Freddy Fender is at the center of an effort to get more Latino representation in the Country Music Hall of Fame. The “Wasted Days, Wasted Nights” and “Before The Next Teardrop Falls” singer from San Benito voiced his hopes of being the first Mexican-American to join the high honor, which he called “Hillbilly Heaven,” in 2004, two years before his death.
Veronique Medrano, a Tejano artist from Brownsville, is leading the charge for more equitable representation by the Country Music Association. Medrano launched a Change.org petition on June 7, days after what would have been Fender’s 85th birthday. She said this has been in the works since 2017 when she was “shocked” to realize Fender, who performed for 60 years, was not recognized.
“You start to notice a very clear conversation about who can be memorialized and who cannot,” Medrano says of the lack of representation by the CMA.
When asked if the CMA was aware of the petition, if Fender is being considered, and/or if there are current efforts to improve the representation of minorities in the hall of fame, the association’s press office referred to the election process website page. The emailed statement was copied and pasted from the page, it appears, and did not directly acknowledge or answer MySA’s questions.
“Election to the Country Music Hall of Fame is conducted solely by the CMA. New members, elected annually by an anonymous panel of voters chosen by the CMA, are formally inducted in the invitation-only Medallion Ceremony held in the museum’s CMA Theater,” the emailed statement says.
Medrano said now that she’s finished graduate school, she’s dedicating her extra time to memorialize and preserve the impact of her fellow musicians. She said Freddy Fender, born Baldemar Huerta, is just the start.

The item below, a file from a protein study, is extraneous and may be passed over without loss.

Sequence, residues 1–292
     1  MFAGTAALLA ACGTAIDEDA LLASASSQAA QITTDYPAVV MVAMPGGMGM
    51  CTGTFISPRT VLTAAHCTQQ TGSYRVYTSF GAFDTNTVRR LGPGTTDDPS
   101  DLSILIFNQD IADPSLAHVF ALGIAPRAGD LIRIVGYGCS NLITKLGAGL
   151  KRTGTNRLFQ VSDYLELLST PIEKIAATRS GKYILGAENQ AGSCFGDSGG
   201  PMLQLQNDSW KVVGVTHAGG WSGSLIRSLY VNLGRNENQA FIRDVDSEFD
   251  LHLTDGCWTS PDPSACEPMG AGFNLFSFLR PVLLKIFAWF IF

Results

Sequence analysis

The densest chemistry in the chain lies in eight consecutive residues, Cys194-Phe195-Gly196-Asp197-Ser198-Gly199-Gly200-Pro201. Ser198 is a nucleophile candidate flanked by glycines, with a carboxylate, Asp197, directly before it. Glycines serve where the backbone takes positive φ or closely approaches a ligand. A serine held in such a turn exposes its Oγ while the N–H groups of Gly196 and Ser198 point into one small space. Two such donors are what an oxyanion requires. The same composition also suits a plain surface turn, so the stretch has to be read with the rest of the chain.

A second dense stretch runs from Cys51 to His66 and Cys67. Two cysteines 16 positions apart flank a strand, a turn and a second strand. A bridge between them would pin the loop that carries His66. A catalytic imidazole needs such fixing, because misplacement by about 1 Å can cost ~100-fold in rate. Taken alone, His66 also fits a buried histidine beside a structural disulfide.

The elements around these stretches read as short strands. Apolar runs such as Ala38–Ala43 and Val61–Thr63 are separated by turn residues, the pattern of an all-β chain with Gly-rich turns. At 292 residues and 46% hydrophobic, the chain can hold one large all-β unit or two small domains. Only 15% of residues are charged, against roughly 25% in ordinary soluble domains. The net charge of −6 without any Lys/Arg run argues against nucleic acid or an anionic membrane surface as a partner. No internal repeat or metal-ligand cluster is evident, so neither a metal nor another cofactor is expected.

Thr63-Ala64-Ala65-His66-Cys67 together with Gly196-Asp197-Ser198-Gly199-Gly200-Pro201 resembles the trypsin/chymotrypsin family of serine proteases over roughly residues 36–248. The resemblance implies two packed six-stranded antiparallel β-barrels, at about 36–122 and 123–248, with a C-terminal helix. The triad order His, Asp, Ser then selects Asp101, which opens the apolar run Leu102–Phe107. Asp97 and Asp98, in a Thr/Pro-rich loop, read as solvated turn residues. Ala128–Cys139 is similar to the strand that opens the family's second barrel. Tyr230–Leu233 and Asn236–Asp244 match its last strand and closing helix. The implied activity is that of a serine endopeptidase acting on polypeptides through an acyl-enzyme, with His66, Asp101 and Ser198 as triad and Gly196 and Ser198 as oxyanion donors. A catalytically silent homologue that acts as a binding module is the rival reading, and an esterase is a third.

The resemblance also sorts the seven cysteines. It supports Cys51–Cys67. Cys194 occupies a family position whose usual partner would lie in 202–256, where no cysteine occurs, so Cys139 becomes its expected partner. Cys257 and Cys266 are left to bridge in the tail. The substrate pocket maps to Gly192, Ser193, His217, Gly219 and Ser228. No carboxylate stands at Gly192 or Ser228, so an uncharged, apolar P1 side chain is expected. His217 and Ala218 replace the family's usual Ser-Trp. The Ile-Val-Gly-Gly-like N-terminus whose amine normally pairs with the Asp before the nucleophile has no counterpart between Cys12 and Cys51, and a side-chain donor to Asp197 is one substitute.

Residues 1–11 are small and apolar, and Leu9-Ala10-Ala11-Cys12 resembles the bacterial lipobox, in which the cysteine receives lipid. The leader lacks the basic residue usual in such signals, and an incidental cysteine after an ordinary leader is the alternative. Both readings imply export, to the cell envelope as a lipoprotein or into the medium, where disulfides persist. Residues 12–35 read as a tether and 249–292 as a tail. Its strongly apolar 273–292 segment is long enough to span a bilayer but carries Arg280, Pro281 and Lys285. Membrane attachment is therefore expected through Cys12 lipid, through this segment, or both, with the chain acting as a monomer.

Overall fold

She points to Johnny Rodriguez, Linda Ronstadt, the Texas Tornadoes, Los Super Seven, and Rick Trevino whose work deserves recognition and preservation.
“This is a conversation, this is a point to say ‘How long are we going to let these organizations devalue our impact in the arts,'” she asks. “Ya. Enough is enough, they had enough time.”
Medrano breaks into tears when mentioning how Fender worked through cancer, which eventually ended his life at 69, to advocate for his work and possibly earn an induction.
“It absolutely breaks my heart, it breaks my spirit,” she says “To think that this man at the end of his life, all he wanted was this and they still couldn’t give it to him and still have not had the respect to give it to him.”
Medrano says she doesn’t have the inclination that one petition will solve the issue, but hopes it shows there’s power in numbers.
“It gets the conversation going on how many other Latinos and Mexicanos we have failed to acknowledge and honor in this way and have this conversation about our presence and our impact,” she says.
Medrano hopes other music panels, like the Rock and Roll Hall of Fame or the Grammy Awards with the Lifetime Achievement Award, will take notice if the CMA does not.
“My god, the man has a star on the Hollywood Walk of Fame. He is not no one. He has won three Grammys, he was constantly on the Billboard charts,” she says. “There are just so many other ways to acknowledge his impacts and honor his family.”